Ben Ward

December 3, 2009


As for the larger issue, supporters of action on global warming might be well-advised, for the sake of argument, to concede more than they should. OK, they might say to the deniers, we'll treat all of CRU's data as irrevocably compromised, and never refer to it again. From now on, we'll rely only on information from NASA, NOAA, and the Japan Meteorological Agency, as well as the affirmation of the UN's Inter-Governmental Panel on Climate Change. The consensus that warming is happening would be unaffected.

Concerning those climate change research emails that were leaked last week, TPM provides a much needed summary of what it means in context, which organisation's data is actually compromised, and clarifies that (not surprisingly) plenty of separately gathered data is still valid.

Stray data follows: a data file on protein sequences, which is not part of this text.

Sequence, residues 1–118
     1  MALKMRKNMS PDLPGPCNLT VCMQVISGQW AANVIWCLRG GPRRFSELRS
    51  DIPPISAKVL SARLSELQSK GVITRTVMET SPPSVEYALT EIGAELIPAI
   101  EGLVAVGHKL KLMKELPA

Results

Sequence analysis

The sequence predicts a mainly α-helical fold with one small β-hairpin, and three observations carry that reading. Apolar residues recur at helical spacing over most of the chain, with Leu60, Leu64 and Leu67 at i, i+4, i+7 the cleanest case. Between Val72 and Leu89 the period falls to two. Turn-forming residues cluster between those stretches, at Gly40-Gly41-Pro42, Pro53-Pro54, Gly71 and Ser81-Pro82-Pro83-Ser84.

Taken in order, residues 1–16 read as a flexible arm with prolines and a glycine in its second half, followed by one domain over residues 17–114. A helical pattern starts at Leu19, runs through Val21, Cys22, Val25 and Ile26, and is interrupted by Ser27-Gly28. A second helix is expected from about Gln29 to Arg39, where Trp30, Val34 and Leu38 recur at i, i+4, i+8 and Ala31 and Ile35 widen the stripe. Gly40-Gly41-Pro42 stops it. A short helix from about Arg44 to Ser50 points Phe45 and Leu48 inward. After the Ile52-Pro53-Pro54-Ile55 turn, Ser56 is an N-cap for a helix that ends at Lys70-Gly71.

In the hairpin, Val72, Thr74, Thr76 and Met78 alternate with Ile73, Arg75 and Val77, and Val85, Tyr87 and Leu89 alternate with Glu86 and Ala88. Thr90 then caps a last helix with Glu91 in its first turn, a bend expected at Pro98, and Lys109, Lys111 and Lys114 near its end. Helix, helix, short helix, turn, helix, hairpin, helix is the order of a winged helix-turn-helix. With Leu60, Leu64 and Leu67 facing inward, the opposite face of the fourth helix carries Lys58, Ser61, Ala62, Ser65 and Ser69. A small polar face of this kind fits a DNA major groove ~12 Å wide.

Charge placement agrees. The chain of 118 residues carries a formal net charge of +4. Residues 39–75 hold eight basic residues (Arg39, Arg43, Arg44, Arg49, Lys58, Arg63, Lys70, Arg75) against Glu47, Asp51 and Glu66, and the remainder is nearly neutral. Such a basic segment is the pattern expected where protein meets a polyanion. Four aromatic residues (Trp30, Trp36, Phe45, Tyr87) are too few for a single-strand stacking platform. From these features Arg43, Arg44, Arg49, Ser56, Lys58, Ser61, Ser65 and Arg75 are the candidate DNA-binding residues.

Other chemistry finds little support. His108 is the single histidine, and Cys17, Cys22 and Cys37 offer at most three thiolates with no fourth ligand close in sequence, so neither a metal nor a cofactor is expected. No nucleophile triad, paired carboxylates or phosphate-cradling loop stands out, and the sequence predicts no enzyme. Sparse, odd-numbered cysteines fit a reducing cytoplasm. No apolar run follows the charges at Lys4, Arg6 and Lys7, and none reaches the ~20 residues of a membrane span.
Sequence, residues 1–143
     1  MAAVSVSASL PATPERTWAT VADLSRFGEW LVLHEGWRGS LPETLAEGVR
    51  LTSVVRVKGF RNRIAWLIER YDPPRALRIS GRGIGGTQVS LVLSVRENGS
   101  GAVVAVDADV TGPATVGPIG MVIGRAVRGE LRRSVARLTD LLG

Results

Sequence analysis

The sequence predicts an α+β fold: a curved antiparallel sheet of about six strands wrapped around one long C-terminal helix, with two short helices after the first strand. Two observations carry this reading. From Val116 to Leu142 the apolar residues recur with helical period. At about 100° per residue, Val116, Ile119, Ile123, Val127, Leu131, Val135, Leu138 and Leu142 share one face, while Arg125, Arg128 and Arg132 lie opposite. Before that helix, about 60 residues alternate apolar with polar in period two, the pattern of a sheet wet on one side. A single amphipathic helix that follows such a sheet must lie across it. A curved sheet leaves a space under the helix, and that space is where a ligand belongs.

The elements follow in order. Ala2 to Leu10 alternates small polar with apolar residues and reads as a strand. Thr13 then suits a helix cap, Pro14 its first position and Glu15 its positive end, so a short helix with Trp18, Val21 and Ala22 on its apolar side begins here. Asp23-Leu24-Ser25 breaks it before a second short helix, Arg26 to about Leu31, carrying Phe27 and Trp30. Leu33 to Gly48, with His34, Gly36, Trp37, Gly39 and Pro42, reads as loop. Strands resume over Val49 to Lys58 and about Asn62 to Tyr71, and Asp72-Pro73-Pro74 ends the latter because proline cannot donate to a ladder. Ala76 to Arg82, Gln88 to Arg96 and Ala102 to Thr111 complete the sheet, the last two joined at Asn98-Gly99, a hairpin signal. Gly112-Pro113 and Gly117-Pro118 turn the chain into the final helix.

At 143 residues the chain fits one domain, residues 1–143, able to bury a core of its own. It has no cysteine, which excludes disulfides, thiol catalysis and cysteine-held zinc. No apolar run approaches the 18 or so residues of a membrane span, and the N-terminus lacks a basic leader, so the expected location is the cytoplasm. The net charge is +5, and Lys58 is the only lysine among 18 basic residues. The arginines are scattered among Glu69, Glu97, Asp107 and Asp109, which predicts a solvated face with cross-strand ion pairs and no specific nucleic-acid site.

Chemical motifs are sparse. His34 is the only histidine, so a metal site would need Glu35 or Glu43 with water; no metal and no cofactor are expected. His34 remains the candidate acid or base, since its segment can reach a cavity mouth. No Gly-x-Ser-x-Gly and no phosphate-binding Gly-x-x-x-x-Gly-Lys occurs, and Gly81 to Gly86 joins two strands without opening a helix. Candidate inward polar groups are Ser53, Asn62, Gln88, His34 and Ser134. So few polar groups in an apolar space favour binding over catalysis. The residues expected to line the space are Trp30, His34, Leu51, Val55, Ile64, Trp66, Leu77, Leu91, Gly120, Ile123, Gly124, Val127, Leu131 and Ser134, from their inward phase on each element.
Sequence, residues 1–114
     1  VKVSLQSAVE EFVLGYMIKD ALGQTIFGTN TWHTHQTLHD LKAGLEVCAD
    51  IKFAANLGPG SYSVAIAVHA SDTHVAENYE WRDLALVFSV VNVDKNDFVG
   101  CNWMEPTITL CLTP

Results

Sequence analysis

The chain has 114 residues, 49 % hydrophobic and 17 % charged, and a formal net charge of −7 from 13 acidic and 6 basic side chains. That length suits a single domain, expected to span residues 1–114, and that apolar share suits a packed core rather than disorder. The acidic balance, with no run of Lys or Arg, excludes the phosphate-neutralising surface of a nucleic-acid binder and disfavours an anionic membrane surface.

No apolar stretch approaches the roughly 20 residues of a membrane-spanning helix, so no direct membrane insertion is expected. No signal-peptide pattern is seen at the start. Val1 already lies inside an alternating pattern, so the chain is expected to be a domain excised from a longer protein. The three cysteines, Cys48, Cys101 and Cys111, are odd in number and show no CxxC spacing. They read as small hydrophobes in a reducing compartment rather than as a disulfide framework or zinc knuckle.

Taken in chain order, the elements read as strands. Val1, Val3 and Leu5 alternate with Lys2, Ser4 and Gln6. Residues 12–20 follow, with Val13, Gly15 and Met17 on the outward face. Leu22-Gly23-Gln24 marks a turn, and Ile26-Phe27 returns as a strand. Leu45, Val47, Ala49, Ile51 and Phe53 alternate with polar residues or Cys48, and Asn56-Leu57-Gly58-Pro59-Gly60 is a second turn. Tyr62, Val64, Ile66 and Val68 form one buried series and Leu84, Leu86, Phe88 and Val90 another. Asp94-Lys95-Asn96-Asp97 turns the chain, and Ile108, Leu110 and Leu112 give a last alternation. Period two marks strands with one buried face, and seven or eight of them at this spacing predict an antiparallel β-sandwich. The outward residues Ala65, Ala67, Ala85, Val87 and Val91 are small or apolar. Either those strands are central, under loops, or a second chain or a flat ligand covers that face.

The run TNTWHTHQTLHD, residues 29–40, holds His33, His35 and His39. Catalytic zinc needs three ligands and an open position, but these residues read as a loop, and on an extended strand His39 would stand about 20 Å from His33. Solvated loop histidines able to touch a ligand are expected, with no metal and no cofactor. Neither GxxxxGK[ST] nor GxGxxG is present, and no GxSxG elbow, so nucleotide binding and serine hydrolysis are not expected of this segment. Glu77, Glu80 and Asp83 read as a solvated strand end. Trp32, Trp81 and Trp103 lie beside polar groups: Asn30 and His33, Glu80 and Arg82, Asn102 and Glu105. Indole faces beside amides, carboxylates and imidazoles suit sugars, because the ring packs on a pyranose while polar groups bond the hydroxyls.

It's still a deeply embarrassing incident to anyone that argues for action on climate change, and in general to anyone that values the scientific process of decision making. Ultimately science is resilient to this; if data is compromised, you throw it away and you do the research again.

It's unfortunate that there's a partisan political storm with all the shouting and gnashing of teeth and the shouting, but patience reaps reward, and the TalkingPointsMemo summary provides a very balanced and accessible citation. Via:

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